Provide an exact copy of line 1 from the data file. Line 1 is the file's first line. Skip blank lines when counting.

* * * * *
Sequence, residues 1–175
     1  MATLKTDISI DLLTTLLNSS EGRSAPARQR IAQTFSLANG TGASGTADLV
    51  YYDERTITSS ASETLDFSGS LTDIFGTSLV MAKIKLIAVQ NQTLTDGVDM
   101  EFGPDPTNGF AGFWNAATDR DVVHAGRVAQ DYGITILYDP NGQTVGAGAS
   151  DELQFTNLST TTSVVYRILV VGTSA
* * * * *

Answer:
Sequence, residues 1–175